June is Men’s Health Month in the USA and the third Sunday of June is celebrated as Father's Day. So in addition to Prostate Cancer Awareness Month in September and "Movember" (grow or wear a mustache in November to show you're "committed to changing the face of men’s health") June is a good time for health organizations to stand up for men. The College of American Pathologists (CAP) does so in an advisory, "5 Things to Know About Your PSA Test."
The pathologists' organization suggests that if you're a man "heeding the advice of your wife, girlfriend or significant other," you may have decided this June "to schedule yourself for that routine physical that you've been putting off. One aspect of your visit to the doctor’s office might be a PSA test."
Jenny Potter in The North Bay Nugget, Ontario, Canada, reports "Another obstacle is out of the way for men at risk of developing prostate cancer." Unfortunately, this is not quite yet the case. As Potter says:
The Ontario government recently announced it will cover the cost of the prostate-specific antigen tests when performed at laboratories.
Currently, publicly funded tests are only available in hospitals, but picking up the tab for those performed in laboratories will make it more convenient for rural patients to be tested.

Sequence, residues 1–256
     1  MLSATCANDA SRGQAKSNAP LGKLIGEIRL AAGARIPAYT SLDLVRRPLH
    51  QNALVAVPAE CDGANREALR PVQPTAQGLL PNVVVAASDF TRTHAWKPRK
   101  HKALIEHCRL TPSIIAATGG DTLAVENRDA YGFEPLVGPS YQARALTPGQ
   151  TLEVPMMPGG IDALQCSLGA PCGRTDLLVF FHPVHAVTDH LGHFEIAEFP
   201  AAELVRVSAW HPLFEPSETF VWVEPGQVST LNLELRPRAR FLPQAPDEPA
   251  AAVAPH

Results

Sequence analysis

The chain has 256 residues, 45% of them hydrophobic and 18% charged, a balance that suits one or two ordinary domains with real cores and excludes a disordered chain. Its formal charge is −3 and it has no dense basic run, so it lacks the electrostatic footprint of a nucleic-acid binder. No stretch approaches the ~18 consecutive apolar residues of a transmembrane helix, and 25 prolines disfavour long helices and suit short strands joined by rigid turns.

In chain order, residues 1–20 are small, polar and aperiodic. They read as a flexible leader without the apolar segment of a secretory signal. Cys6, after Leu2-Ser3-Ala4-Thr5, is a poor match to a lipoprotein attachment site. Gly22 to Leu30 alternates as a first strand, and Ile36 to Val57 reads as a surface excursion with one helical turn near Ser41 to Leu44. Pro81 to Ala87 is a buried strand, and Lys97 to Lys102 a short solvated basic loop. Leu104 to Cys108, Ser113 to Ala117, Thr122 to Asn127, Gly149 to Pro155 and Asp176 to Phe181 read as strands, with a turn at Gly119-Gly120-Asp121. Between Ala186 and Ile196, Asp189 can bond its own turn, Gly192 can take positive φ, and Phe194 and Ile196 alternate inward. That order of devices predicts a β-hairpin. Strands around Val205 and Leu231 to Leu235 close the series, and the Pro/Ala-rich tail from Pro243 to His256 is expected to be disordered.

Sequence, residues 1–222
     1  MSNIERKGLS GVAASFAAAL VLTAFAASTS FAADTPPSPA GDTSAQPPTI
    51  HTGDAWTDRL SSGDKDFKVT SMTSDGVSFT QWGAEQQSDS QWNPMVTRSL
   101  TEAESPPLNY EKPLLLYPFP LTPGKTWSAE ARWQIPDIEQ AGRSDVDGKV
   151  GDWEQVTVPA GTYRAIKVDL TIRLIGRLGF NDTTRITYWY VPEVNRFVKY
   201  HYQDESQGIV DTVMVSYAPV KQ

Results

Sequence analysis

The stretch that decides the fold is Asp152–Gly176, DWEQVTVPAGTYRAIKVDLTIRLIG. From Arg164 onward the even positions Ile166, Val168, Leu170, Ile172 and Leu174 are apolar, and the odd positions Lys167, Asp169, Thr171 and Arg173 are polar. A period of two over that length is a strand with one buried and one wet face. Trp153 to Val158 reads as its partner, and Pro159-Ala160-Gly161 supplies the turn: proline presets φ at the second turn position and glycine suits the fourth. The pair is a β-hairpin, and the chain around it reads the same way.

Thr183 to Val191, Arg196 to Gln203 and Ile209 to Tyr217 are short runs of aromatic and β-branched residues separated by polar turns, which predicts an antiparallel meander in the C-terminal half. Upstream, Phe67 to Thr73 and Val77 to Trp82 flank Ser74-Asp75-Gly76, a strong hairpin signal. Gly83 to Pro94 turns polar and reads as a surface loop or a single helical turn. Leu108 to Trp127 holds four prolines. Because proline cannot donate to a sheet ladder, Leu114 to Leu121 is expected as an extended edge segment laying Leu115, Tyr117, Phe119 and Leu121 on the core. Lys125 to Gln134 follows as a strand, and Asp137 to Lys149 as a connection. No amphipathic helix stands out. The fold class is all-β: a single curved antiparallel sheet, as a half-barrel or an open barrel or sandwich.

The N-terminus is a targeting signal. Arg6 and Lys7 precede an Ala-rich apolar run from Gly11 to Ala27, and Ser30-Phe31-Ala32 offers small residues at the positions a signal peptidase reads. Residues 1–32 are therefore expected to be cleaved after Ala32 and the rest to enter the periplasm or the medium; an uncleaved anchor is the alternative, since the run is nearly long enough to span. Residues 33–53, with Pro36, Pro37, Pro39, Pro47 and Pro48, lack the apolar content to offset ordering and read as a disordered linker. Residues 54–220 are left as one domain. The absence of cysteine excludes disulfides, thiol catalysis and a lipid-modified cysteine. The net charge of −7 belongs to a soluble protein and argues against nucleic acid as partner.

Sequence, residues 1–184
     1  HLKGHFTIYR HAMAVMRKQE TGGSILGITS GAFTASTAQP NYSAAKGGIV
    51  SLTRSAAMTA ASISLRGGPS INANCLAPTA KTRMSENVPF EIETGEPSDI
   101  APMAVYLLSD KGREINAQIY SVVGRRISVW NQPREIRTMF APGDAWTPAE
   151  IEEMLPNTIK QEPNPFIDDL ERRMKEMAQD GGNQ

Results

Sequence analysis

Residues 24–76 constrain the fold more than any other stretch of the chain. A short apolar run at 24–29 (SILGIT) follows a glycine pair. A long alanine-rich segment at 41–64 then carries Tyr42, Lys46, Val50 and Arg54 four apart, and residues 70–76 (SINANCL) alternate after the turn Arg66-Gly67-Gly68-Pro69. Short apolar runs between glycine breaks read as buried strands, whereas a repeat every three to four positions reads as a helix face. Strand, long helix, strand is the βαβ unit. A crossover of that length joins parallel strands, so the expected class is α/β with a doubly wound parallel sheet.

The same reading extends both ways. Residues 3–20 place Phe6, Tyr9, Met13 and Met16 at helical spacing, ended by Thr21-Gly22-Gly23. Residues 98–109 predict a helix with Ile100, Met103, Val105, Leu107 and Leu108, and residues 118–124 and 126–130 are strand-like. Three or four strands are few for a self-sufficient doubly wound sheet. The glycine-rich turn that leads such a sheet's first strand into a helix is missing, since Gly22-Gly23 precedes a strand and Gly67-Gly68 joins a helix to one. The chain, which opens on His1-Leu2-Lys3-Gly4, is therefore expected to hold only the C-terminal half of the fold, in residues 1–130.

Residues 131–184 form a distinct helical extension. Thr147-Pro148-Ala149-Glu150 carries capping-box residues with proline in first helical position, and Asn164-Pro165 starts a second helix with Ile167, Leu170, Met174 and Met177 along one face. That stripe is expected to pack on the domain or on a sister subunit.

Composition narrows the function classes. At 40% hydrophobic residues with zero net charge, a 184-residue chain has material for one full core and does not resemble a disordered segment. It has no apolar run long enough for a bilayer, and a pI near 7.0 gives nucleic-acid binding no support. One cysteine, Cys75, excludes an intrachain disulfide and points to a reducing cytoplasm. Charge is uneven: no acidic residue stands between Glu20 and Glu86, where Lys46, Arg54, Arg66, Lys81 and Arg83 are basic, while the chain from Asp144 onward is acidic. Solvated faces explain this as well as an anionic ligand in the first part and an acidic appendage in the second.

Trouble is, as Potter's report goes on to explain:
Men must meet a list of criteria in order to avoid paying $30 for the test at a local laboratory.
Patients showing symptoms of prostate cancer, who have received a diagnosis or who are directly related to someone with the disease qualify to be tested for free.
Deaths and diagnoses for prostate and several other cancers fell between 2001 to 2005, the latest years for which data have been analyzed, according to reports this week by the National Cancer Institute and American Cancer Society.
A new blood test for detecting prostate cancer, ProstaMark ® EPCA-2, is expected to enter large trials soon and may be available to the public in under 2 years. A study in the April issue of Urology presents evidence in support of EPCA-2 testing as a more accurate way to identify early stage and advanced cancer in the prostate. Full story